Thursday, 11 November 2010

Keith Douglas. Poet, Tank Commander.

It’s Armistice Day here in the UK, an appropriate day for BBC Four to air a programme about Keith Douglas, a poet and a tank-commander during WW2.

I stumbled on a poem of his some years ago, quoted in a newspaper article. It made such an impression that I tore it out of the page and kept it, vowing to find out more about the author.  The poem I read that day was called “How to Kill”.  There is a Guardian article about Keith Douglas, worth reading in its own right, which includes that poem.  I’ve reproduced it, below: I do hope that doesn’t get me into copyright trouble.

Keith Douglas also wrote a book of his experiences in the Western Desert called “Alamein to Zem Zem”, written while on leave in the UK prior to taking part in the D-Day landings in June 1944.  I loved this book.  It was out of print for a long time but is available, reprinted by the excellent Faber Finds imprint.

Now in my dial of glass appears

the soldier who is going to die.

He smiles, and moves about in ways

his mother knows, habits of his.

The wires touch his face: I cry

NOW. Death like a familiar, hears

and look, has made a man of dust

of a man of flesh. This sorcery

I do. Being damned, I am amused

to see the centre of love diffused

and the waves of love travel into vacancy.

How easy it is to make a ghost.

Sunday, 5 September 2010

GMail Priority Inbox – at last

Life without GMail (or Google Docs, or Reader or Calendar, for that matter) would be difficult to adjust to, but for a long time I’ve wanted the ability to prioritise the inbox contents, if only to ensure that unread items (however old they are) can be forced to the top of the pile.

Well, they’ve obviously read my mind (didn’t I un-tick the ‘Share my thoughts’ privacy option? Oh well …) because I’ve just been given the Priority Inbox Beta option.  First impressions are very good.  You can train it to recognize what’s important (and not) to you: we’ll see how well that works out, but just having unread stuff and starred items grouped together is a tremendous plus.

Can’t think why anyone would want to use any other email system.

Monday, 30 August 2010

NetBeans Platform 6.9 Developers Guide

I've been asked to review the NetBeans Platform 6.9 Developers Guide by Packt Publishing.  This is a book which I was considering buying in any case, so it's nice to be given a copy, even if it is the PDF rather than the paper. 

I've bought quite a few PDF e-books in the past, mostly from Manning, usually because I just wanted the information right now, but also because having the PDF on the laptop weighs nothing.  Commuting and heavy technical books don't mix.  However, I do prefer paper: as soon as a PDF book becomes important to me, I buy the physical book.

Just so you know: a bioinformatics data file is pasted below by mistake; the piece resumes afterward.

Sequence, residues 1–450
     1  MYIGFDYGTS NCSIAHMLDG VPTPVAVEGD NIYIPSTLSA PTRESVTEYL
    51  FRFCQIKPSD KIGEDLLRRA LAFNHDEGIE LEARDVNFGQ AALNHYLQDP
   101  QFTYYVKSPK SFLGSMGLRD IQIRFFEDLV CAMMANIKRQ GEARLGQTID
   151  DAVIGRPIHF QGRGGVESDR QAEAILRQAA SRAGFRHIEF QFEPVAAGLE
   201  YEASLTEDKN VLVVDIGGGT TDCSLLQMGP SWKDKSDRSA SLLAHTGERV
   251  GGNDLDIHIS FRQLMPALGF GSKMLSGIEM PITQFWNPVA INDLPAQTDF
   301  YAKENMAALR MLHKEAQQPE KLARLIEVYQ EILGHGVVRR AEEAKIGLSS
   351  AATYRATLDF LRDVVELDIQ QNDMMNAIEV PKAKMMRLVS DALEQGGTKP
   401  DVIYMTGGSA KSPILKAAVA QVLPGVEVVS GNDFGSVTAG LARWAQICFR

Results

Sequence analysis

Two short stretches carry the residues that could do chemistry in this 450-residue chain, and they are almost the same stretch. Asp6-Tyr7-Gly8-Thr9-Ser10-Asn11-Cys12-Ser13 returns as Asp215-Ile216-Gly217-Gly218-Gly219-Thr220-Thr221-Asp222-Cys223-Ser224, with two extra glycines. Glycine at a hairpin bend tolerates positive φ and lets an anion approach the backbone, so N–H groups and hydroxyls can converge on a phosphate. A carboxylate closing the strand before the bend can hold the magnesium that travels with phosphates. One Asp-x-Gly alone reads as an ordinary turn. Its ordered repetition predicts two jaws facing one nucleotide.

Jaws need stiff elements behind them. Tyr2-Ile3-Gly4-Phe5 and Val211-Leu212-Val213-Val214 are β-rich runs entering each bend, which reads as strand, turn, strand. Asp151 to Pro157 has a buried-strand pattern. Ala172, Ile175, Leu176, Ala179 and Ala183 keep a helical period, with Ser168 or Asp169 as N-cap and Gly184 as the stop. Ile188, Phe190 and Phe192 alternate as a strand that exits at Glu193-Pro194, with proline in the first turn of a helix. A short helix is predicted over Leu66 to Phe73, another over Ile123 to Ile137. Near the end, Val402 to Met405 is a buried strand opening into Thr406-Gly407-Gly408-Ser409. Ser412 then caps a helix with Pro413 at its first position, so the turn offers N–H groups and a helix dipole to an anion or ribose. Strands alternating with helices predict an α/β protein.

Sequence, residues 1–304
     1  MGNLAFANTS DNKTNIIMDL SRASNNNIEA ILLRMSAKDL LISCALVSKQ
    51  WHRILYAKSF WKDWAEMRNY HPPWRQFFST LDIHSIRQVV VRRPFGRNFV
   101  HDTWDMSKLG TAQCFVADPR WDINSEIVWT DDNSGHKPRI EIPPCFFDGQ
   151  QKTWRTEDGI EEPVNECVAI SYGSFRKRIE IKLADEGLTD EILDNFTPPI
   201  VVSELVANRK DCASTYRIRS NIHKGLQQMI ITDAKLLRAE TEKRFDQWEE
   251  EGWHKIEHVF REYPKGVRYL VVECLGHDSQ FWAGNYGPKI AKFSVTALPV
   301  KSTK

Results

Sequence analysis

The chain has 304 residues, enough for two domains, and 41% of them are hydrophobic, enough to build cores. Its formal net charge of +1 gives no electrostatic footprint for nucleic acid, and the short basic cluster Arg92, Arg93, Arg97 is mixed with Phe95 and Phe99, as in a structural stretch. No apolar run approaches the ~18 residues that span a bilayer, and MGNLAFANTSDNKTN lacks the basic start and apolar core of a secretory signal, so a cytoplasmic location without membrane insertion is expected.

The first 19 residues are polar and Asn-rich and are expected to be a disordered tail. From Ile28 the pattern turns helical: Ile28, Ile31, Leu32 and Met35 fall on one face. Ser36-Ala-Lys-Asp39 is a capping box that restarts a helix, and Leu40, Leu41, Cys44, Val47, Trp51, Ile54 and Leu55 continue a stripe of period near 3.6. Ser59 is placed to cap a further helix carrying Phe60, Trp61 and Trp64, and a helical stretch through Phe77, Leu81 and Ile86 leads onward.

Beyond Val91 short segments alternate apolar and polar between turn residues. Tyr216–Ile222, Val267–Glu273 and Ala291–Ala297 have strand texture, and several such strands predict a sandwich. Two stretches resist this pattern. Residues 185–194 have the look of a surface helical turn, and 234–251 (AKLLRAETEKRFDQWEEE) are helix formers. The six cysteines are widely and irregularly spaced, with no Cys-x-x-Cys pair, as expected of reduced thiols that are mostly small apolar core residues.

NetBeans is easily my preferred Java / Groovy IDE, and the NetBeans platform has become even more compelling recently with OSGi support and Maven archetypes for NB modules.  I have had a copy of the original NetBeans Rich Client Programming book published by Sun for more than a year, but to be honest I found the online resources, sample projects and Geertjan's tutorial screencasts rather more helpful than the book!  As I went through the Sun book, I remember thinking that I would probably get a lot more out of it once I knew how to create a NB platform application.  I think it's one of those books.

So I am very much looking forward to getting stuck into the Packt book.  From a first look at the Preface and chapter summaries it appears to take an API-focused approach, dealing with 'top-10' in much the way Geertjan's screencasts do, which is a good sign because I found they worked very well. The book essentially builds a complete platform application as it goes along, so I'm hoping to see the authors tie together the various ideas using the application as the binding context.

I'll post my review here, but I'm on vacation so it will be a week or two yet.

Friday, 9 April 2010

Windows 7

It's not often that I go out of my way to praise something from Microsoft, but I have been using Windows 7 Professional for a week or so now, and I must say this is easily the best desktop operating system I have ever used.

I bought the upgrade edition, but used the Custom Installation option, wiping everything (in my case, Vista and Ubuntu) from my hard drive.  The installation was spectacularly uneventful - it just worked.  I didn't time it, but it can't have been more than 30 minutes or so from start to finish: and no issues.

I haven't explored all the features yet (e.g. Libraries), but I'm truly impressed with just the basics - the whole taskbar implementation, the new tray/notification area, the clean desktop - and the fact that it feels much faster than Vista, though I've absolutely no hard evidence to back that yet.

Monday, 15 March 2010

Ophcrack NTLM Cracker

Not sure how concerned we should be about this, but the demo is pretty impressive: I used PasswordSafe to generate a reasonably good password (12 characters, mixed upper/lower case, digits and symbols) and Ophcrack cracked it in a few seconds.  The live CD should disturb anyone using standard XP password security.